Non-square images and vertical video! Things are changing in social media

Our social media photos and videos are evolving. Things aren’t as square or as horizontal as they used to be. Instagram now supports images that aren’t square and Snapchat wants you to use vertical video. What does it mean?!

Be there or be square no longer

Today Instagram announced support for portrait and landscape images. They’re moving beyond the iconic square for the first time in nearly five years. This is a huge move for the company that forced millions of us to rethink how we take and share images. Early on, the square format took some getting used to – it was just so different from what many of us knew. But since then, we’ve adapted and come to love the square format. It required more creativity in our photos’ framing, subject and distance.

Instagram now says that 20% of photos uploaded to their app are not square and include some horizontal or vertical padding. For purists who like a neat stream, the padding others added to their images before uploading interrupted the Instagram experience. But for photographers who want to truly capture the full experience of their subjects, the square format can be limiting. Sometimes things just look better in a landscape or portrait orientation. So now we can opt to share these images in Instagram, without modifying them in a third-party squaring app. This changes things on Instagram.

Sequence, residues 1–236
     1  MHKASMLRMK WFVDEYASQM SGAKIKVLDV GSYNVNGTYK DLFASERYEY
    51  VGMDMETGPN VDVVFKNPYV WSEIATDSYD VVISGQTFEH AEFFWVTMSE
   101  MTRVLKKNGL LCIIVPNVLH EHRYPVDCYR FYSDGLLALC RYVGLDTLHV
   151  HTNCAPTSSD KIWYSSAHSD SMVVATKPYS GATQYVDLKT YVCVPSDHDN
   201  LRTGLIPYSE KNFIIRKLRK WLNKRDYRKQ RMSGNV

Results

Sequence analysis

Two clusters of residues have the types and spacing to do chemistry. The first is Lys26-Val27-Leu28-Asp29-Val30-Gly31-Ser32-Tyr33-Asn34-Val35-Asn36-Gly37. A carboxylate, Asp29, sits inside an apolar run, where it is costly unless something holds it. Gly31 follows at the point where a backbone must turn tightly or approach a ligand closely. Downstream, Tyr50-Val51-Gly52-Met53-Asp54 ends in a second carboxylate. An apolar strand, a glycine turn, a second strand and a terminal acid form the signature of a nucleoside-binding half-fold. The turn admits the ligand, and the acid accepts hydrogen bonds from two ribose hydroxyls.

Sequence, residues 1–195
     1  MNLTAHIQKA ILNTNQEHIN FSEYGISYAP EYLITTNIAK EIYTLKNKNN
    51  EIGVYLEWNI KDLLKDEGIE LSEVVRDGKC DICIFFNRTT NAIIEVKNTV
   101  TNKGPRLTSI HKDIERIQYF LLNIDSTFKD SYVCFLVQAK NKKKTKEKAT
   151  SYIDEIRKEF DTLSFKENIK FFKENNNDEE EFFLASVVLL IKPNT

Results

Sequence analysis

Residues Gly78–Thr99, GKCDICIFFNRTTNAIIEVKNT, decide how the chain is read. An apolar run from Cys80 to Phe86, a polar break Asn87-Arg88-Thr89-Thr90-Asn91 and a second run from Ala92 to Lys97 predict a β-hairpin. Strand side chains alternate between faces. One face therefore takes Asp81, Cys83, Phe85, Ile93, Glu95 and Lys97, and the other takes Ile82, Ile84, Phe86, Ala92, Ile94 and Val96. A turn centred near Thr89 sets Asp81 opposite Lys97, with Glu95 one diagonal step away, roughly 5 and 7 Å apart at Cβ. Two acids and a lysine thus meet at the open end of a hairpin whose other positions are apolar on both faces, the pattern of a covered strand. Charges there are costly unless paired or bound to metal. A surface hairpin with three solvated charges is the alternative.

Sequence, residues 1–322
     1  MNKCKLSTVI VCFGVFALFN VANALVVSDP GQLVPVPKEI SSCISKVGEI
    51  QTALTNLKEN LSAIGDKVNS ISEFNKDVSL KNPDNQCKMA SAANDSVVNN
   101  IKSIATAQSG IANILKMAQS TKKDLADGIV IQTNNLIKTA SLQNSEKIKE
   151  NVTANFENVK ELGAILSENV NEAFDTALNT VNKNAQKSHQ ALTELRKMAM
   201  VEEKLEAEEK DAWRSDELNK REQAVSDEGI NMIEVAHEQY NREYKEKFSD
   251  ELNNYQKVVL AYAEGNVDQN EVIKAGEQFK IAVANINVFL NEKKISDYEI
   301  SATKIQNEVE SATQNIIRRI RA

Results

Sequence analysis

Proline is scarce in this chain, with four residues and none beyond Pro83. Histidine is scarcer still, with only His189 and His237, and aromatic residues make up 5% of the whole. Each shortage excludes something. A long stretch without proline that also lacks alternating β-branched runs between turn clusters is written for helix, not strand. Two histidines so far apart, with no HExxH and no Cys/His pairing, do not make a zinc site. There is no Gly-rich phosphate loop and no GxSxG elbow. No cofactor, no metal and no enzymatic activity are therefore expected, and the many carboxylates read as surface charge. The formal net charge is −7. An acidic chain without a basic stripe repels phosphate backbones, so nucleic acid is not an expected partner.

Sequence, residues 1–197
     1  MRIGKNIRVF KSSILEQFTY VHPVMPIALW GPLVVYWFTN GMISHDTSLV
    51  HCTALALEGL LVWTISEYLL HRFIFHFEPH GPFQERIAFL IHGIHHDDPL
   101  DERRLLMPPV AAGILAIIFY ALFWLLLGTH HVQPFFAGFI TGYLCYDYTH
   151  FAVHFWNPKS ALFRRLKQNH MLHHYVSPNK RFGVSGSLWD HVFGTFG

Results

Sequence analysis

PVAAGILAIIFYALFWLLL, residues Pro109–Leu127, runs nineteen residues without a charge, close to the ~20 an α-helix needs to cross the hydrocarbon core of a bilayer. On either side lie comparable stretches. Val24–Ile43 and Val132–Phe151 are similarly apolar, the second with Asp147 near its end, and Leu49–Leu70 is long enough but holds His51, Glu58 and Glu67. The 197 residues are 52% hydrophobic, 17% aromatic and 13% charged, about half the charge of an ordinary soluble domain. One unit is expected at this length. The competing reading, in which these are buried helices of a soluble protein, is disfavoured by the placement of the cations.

non-square photo on instagram

Vertical video vertigo

And then there’s vertical video – another change to the way we format visual content on social media. Two years ago, the internet was irritated about vertical video syndrome, calling for a ban on portrait videos and asking everyone to remember to rotate their phones before they shoot. But now, we’re being encouraged to do more vertical video. It’s hard to keep up with.

Snapchat is leading this charge into vertical video, but even Facebook, YouTube and Twitter are all adding deeper support for it. Snapchat says vertical video ads are nine times more likely to be watched than the horizontal ads. Mobile phones encourage a vertical experience, and it’s harder than it may seem to rotate the phone. Especially when things are happening fast, like they do on Snapchat; you may not even have a chance to rotate your phone before a snap is over. So embracing vertical video seems like a great idea, and will let us capture more video more naturally.

vertical video on snapchat

So what do you think? Do you shoot more vertical video now or are you a landscape purist? What about non-square photos on Instagram? Will you give in?